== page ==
|Directed by:||Todd Phillips|
|Written by:||Stephen Chin, Todd Phillips, Jason Smilovic|
|Starring:||Jonah Hill, Miles Teller, Ana de Armas, J.B. Blanc, Bradley Cooper, Kevin Pollak|
|Released:||August 18, 2016|
I heard someone describe this as the lighter version of The Wolf of Wall Street and it’s an apt reference. It’s a film that highlights the dark side of capitalism. Efraim Diveroli (Hill) and David Packouz (Teller) are two twenty-something-year-old entrepreneurs who have started a small business and are selling arms to the United States to be used by the military. They both admit that they’re anti-war but the overriding factor if that they’re both “pro money”.
A few details have been changed to make it fit the traditional movie narrative (e.g. their trip to Iraq never happened) but this based on actual events. When we first meet our two protagonists, the year is 2005 and they’re catching up for the first time in years at the funeral of a friend. David admits that life isn’t going as planned. He dropped out of college, got fired from his first 6 jobs, had a falling out with his parents, and is now a 22-year-old masseuse getting paid $75 an hour.
Efraim has been a little more successful. He started out by buying weapons at police auctions and then on-selling them to the public. It’s a lot of work though and he’s decided to transform his business by focusing on the world’s biggest “gun nut”. That single customer he is referring to is the United States Government. Efraim acts as the middle man. He bids for small weapons contracts through the government’s tendering system and if successful, he tracks down the suppliers who can supply the arms that are required.
For a while, things are great. These guys stick to small, simple deals and it’s not long before they’re driving around in Porches and living in luxurious, high-rise apartments. That’s not enough though and I can’t help but think of a line from Mr. Burns in The Simpsons – “I’d trade it all for a little more.” Efraim and David win a $300 million contract to provide bullets to the Afghan military and now appear to be out of their depth. To get the job done, they’ll need to commit fraud and deal with dodgy individuals.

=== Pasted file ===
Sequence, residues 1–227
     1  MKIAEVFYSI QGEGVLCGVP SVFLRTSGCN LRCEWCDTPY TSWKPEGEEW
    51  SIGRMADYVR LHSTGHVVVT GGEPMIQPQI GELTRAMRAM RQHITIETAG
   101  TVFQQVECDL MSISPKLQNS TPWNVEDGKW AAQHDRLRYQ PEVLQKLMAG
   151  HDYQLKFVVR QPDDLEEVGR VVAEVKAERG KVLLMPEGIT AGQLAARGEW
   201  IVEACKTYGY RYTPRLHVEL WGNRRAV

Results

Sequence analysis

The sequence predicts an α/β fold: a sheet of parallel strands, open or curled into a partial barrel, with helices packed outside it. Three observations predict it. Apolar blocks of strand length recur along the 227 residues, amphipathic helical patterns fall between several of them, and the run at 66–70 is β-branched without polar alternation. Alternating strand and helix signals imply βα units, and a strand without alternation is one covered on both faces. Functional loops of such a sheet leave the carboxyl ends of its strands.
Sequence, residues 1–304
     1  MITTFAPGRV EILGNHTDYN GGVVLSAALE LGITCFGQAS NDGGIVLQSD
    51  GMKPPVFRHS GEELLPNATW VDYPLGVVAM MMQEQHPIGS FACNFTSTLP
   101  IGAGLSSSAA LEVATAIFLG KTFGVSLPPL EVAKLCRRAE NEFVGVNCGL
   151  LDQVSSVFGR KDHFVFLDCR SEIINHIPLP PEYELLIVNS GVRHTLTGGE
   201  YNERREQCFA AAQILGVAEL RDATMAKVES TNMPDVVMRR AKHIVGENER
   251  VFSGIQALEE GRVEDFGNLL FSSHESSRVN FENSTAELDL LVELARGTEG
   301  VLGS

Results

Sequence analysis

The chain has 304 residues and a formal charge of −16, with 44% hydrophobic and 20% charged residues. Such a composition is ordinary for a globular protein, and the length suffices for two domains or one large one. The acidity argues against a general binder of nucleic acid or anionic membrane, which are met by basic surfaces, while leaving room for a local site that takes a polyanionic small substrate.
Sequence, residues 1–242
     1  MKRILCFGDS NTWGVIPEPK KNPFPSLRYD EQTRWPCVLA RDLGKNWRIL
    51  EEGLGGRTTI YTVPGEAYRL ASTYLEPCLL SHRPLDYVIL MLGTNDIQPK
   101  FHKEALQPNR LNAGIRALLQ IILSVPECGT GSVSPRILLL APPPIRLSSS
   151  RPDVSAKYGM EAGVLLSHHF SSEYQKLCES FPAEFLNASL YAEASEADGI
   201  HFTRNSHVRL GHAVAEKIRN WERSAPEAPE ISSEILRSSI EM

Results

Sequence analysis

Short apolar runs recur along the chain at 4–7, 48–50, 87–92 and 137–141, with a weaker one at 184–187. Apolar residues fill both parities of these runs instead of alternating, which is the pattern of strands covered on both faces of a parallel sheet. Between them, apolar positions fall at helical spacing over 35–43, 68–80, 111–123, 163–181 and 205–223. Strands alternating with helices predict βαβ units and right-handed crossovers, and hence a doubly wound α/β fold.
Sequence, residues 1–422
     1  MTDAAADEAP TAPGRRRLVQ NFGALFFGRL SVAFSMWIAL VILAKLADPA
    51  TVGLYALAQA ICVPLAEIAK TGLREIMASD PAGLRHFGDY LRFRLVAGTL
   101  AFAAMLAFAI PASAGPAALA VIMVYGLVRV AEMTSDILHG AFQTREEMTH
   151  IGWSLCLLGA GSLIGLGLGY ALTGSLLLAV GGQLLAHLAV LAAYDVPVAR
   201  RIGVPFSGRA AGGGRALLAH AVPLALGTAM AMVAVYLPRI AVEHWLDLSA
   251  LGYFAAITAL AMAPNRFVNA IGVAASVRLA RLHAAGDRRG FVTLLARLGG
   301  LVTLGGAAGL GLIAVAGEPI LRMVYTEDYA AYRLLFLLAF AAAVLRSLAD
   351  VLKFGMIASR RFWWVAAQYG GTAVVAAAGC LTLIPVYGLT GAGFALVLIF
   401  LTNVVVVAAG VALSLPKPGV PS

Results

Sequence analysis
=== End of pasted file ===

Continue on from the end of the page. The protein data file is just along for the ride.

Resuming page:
Directed by Todd Phillips (The Hangover) is largely framed as a comedy. There’s a scene for example where the two guys are trying to negotiate the release of weapons from a customs warehouse in Jordan and end up using an 11-year-old as part of the negotiation process. While I don’t mind the comedic approach, it does feel like these characters aren’t being judged harshly enough. The finale is also messy in that certain actions aren’t well explained. For example, why wasn’t Efraim paying the box maker in Albania?
This is still an interesting “truth is stranger than fiction” tale though. It’s hard not to be surprised by the simplicity with which these guys were able to exploit the government’s procurement system and disregard international laws. It’s not explored enough but Phillips and his co-writers also touch on the theme that wars create their own “economy”. There are plenty of conflicted individuals who profit from the human tragedy.
Miles Teller (Whiplash) and Jonah Hill (Moneyball) are both strong in the leading roles. They’re a big part of the reason why this film will entertain many who take the time to see it.